Sebastian Guzman – a new team member

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We have a great pleasure to introduce our new Team Member – Sebastian Guzman, who have recently joined Max Planck Research Group as a Master student. Sebastian will work with us on a project focused on the process of urmylation of the Ubiquitin-like protein Urm1 in Saccharomyces cerevisiae.

Here is what Sebastian wants us to know about himself.

 Since I was a teenager back in Mexico during my high school, I was amazed by all the possibilities and improvements that science has brought to humanity. I decided I wanted to be a scientist and do something that would benefit and improve people’s lives. I studied for my bachelor’s degree at Universidad de las Americas, Puebla in Mexico where I was part of a research team under Dr. Sanchez Salas supervision, investigating and isolating bacteriocins in different bacterial species, in my case Pseudomonas aeruginosa. I learned there a lot about how real science looks like and what it really takes to be a scientist. I was fortunate to be granted a scholarship for an internship at the University Medical Center in Groningen, The Netherlands where I worked for two months on the relation between drug resistance and iron transport in Bacillus subtilis, specifically the role of the sRNA s313 in the iron transport of B. subtilis under the supervision of Dr. Bimal Prajapati in the Molecular Bacteriology research group of Dr. Jan Maarten van Dijl. This internship permitted me to work with state-of-the-art methods and technology that otherwise I would not have been able to learn in my country.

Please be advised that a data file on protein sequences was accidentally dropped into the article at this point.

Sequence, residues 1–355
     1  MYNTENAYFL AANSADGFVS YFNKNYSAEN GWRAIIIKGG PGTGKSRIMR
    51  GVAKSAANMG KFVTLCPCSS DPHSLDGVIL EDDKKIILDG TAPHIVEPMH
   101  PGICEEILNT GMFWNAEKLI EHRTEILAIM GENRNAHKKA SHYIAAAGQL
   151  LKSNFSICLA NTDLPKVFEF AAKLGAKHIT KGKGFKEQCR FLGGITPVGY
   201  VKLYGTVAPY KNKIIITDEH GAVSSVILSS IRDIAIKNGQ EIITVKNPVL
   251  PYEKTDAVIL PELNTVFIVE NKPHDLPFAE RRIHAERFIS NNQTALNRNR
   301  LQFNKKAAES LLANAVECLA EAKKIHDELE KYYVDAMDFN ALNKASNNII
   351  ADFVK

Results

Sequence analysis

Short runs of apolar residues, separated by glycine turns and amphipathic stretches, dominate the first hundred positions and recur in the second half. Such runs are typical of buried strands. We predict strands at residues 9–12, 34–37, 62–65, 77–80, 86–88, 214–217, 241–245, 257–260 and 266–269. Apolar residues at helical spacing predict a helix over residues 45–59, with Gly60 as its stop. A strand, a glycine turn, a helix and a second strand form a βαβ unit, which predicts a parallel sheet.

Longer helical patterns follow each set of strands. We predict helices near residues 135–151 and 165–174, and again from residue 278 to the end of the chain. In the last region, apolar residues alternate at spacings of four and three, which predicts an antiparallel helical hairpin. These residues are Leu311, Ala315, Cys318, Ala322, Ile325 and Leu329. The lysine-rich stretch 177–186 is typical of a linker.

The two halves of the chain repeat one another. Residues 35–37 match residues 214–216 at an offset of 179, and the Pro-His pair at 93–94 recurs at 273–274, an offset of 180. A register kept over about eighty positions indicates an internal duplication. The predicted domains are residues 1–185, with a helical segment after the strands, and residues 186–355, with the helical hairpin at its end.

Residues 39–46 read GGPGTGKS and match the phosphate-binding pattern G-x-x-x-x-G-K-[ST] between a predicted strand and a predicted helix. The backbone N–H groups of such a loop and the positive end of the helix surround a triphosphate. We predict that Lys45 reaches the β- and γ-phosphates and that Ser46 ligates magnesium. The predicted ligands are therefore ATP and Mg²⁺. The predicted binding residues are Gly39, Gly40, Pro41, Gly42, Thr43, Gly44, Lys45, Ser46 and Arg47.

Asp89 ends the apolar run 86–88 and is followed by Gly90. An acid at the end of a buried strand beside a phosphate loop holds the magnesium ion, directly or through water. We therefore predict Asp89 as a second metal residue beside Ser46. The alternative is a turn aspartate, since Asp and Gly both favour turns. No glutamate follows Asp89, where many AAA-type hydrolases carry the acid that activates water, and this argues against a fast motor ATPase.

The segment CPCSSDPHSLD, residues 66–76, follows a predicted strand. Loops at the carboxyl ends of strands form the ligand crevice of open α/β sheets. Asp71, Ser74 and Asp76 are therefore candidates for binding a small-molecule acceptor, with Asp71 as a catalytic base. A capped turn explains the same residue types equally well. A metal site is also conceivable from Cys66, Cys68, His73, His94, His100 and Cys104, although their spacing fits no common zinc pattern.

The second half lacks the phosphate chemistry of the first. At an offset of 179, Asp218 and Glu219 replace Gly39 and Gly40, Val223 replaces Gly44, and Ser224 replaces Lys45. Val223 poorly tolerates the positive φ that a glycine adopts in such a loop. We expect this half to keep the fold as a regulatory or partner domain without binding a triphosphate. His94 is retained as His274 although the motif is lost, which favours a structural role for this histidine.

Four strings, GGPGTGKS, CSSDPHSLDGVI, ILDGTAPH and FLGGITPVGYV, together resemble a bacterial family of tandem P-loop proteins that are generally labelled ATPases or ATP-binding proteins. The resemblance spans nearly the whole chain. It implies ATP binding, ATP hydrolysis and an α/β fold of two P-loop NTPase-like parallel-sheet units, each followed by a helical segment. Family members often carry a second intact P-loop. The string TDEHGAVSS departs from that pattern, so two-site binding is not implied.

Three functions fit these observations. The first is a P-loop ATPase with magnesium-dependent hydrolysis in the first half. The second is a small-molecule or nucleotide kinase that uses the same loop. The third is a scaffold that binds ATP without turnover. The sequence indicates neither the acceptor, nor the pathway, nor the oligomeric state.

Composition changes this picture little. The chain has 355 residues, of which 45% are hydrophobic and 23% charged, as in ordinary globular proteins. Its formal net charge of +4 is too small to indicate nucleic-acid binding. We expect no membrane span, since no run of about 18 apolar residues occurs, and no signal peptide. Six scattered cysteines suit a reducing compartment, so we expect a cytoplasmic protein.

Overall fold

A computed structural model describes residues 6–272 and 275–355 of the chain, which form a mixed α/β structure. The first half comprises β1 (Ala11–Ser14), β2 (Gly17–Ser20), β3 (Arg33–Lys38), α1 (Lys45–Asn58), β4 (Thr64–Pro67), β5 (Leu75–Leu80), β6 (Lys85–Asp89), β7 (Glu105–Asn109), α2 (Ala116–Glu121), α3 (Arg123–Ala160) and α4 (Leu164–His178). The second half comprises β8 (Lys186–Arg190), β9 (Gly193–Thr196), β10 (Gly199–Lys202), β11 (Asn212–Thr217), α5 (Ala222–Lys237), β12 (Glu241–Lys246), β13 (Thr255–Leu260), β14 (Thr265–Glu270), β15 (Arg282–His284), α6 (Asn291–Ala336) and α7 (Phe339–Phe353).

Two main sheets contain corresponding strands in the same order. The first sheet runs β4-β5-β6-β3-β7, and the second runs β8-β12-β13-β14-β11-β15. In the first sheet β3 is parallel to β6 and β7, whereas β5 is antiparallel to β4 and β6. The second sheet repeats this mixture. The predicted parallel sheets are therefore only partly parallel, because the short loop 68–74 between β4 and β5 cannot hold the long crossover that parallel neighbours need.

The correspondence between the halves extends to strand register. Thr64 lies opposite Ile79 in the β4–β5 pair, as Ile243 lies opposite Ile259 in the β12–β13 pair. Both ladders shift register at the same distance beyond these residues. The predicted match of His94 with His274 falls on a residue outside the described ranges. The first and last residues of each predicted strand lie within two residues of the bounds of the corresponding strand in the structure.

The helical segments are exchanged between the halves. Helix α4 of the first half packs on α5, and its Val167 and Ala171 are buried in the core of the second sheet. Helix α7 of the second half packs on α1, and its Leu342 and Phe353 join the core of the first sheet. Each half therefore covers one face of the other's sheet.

After these experiences, I took a break and worked as a Spanish teacher in a private school in Gdansk, Poland and now I am currently studying for my master’s degree at Jagiellonian University. So, after living for three years in Poland I am very glad to be here and I really enjoy the country, its food and the people who have been very kind to me.

I have recently joined the Max Planck Research Group and I am excited to be part of it. I was attracted by the remarkable research projects and the internationality of the group. As I wanted to change a little bit the course of my career, I am convinced that working in an important and well-known lab as well as learning from experienced and talented scientists will give a boost to my career. I will be working on the urmylation process of the Ubiquitin-like protein Urm1 and its mechanisms under oxidative stress. 

I have always thought what makes you a better and more professional person is how you manage the experiences and take the opportunities given throughout your life, and this is a lifetime opportunity that I am excited to take. 

We are happy to have Sebastian with us!

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